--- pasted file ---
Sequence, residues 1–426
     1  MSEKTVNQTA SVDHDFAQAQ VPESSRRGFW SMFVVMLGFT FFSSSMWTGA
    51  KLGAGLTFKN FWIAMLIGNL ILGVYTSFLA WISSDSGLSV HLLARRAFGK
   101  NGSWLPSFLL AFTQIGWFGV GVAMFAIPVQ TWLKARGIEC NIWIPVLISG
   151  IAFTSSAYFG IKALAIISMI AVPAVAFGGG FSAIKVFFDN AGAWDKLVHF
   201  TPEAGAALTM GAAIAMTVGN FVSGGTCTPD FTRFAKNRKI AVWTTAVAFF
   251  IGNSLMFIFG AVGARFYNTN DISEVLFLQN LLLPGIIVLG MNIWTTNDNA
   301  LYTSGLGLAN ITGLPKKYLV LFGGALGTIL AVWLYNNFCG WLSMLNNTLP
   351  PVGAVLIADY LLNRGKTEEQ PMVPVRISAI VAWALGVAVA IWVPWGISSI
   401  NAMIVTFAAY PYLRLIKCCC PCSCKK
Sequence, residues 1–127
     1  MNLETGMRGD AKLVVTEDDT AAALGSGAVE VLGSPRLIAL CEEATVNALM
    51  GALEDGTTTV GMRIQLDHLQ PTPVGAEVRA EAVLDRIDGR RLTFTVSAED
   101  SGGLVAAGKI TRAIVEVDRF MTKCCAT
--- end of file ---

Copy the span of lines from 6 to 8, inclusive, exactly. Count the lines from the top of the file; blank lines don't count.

   201  TPEAGAALTM GAAIAMTVGN FVSGGTCTPD FTRFAKNRKI AVWTTAVAFF
   251  IGNSLMFIFG AVGARFYNTN DISEVLFLQN LLLPGIIVLG MNIWTTNDNA
   301  LYTSGLGLAN ITGLPKKYLV LFGGALGTIL AVWLYNNFCG WLSMLNNTLP